How Technology Can Help Make Us More Social

How Technology Can Help Make Us More Social
Editors Pick

Matchmaking applications are helping expand our social and business circles by pairing us with like-minded individuals

  • 1 june 2015

Whether for private or professional life, meeting new people, let alone the right people, can sometimes be a trying experience. This can be particularly tricky in the digital space, and though social outlets such as Facebook aim to bring us together, they can sometimes have the opposite effect. What is needed is services that understand user’s individual needs and work to consciously pair them with like-minded people.

In line with this, matchmaking applications are helping expand our social and business circles by pairing us with like-minded individuals who share common interests and needs. These services analyze our personal and work profiles, locations and existing networks to suggest new connections, getting people to meet in the real world. As Jonathan Soto, US Lead of Vingle describes:

Individual’s needs always vary, but until recently, there have been technical limitations to meet those needs.  Recent technology, however, has made this possible.  These innovations will help better contextually meet individuals’ diverse needs.

This idea is part of a larger trend in our Future of Connected Life report, which we are calling Purposeful Pairing. Here are some of our favorite examples of how this trend is manifesting, and how these services are helping people to mindfully connect with people around their shared goals:

2 glassbreakers
A prime example of this is a service that aims to help women in the workplace. Glassbreakers is an online platform that matches women in tech with peer mentors. Potential mentors and mentees sign in with LinkedIn, and Glassbreakers uses an algorithm to match them based on factors like education background, skills and past employers. Once the women receive their matches, they will have the opportunity to accept or reject their potential mentors or mentees. If two people accept each other, they are invited to connect offline.

The goal is to connect professional women with a strong network of mentors who can assist each other in career goals and obstacles.

As Lauren Mosenthal, Founder and CEO of Glassbreakers explains:

Data allows us to match users experiencing similar triumphs and challenges, so users have a support system. By creating a more efficient, connected and supported women’s workforce, we’re creating a stronger workforce for everyone and numerous businesses.

3 roompik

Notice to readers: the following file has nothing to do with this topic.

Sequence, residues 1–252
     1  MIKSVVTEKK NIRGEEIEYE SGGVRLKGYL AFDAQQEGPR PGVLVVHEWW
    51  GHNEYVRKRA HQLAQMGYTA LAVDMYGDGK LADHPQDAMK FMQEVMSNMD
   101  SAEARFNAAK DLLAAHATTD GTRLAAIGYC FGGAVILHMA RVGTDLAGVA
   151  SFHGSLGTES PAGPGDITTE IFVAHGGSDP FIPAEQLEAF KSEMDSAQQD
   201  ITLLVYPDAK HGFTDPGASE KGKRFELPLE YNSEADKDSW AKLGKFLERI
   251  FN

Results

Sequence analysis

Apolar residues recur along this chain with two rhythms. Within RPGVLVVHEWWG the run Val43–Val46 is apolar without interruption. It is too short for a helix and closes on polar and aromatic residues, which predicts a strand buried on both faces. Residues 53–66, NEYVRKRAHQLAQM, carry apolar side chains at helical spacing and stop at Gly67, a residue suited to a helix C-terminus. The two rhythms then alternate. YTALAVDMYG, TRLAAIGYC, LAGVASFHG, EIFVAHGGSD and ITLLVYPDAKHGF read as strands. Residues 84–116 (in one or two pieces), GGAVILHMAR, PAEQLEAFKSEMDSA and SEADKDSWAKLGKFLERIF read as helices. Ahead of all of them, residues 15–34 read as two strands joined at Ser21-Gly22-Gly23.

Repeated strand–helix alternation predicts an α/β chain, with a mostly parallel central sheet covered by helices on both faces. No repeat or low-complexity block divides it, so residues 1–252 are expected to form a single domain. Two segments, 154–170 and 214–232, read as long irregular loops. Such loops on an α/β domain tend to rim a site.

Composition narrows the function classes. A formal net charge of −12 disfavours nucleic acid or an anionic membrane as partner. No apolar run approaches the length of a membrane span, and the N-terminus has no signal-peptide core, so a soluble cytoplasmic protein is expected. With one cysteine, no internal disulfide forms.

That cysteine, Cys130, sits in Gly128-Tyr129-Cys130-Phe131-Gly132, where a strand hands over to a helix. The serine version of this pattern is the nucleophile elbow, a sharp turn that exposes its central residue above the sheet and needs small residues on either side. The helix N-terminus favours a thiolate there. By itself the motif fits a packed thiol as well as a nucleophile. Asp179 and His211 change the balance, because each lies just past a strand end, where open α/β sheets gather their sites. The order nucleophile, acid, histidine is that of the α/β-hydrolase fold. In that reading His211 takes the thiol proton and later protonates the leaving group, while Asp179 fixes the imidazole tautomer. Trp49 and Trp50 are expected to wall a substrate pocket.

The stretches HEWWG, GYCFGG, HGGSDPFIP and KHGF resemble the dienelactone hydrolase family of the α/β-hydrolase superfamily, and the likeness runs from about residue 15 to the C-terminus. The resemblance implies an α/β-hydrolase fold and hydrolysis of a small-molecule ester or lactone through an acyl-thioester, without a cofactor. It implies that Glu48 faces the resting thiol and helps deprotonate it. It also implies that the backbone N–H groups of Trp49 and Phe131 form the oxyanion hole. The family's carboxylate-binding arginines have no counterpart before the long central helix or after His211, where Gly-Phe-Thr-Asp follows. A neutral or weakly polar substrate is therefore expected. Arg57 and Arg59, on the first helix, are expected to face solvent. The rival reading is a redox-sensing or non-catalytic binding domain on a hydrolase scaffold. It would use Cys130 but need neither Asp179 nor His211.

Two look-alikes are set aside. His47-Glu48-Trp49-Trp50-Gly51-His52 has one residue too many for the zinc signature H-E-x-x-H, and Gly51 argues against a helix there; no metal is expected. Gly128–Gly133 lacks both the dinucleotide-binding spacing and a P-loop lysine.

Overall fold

Another example of this trend is helping renters find better roommates. Roompik is a pairing platform for people looking to find long term and short term shared housing. The platform connects possible renters to peers they are most likely to get along with thusly aiming to eliminate bad roommate experiences. Roompik creates the opportunity for apartment hunters to search listings based on number of mutual friends, shared interests, and profession.

By asking the renter to connect their social media platforms to Roompik, the service can tap into what interests, professions, and friends the possible tenant and the advertiser have in common, and suggest roommates that they would get along with. The end goal is to match roommates over shared interests and hopefully make better matches than the usual luck of the draw.

4 doggybnb
Finally, DoggyBnb is a service that helps find trustworthy pet-sitters through users’ social networks. The service has recently expanded to add the “Sniffer” feature which matches dog owners nearby for potential play dates. Users can filter nearby pooch owners by their dog’s weight as well as the owner’s gender and age. The interface invites users to swipe right or left to indicate interest or not. Owners receive a notification if there is mutual interest and can set up a play date from there.

These new services are helping people get ahead by connecting them with relevant friends or mentors, both in their private and professional lives. The result is a new type of ‘social’ network that spans both the physical and digital space. As Nathan Jurgenson, Researcher at Snapchat describes:

We’re coming to terms with there being just one reality and digital is part of it, not any less real or true. What you do online and what you do face-to-face are completely interwoven.

By leveraging a little more insight into who we connect with on a day-to-day basis, we can strive to better challenge ourselves and interact with new and interesting people. This kind of Purposeful Pairing can expand our knowledge and improve our everyday lives.

Future of Connected Life

PSFK Labs is proud to release The Future of Connected Life: Live, Work, Play Better. Download the full report here, view our trend summary on Slideshare and be sure to check back daily for new articles about the latest trends affecting individuals as they strive to live, work, and play better in their connected lives. 

+connected life
+jonathan soto
+lauren mosenthal
+nathan jurgenson
+purposeful pairing

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